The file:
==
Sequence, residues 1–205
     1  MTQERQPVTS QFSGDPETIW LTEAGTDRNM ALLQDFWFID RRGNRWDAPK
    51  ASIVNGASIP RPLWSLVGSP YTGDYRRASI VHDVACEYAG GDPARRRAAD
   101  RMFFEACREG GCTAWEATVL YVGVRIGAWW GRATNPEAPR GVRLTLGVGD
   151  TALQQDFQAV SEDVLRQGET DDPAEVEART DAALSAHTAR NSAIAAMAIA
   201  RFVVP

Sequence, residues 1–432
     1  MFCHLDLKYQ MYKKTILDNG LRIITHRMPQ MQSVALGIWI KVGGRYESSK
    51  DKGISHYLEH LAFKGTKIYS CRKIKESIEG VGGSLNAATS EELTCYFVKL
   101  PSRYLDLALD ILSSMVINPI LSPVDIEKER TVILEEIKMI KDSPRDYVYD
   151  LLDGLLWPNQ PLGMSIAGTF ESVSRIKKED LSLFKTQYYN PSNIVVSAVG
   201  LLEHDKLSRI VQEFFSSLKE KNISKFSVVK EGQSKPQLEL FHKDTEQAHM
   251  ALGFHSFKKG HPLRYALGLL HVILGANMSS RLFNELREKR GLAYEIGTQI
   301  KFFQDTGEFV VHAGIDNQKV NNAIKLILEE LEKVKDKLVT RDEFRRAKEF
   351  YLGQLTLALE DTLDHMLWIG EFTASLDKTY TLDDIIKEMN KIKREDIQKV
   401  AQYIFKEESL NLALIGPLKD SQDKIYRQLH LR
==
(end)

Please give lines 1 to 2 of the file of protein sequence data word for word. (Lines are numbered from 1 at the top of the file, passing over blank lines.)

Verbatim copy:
Sequence, residues 1–205
     1  MTQERQPVTS QFSGDPETIW LTEAGTDRNM ALLQDFWFID RRGNRWDAPK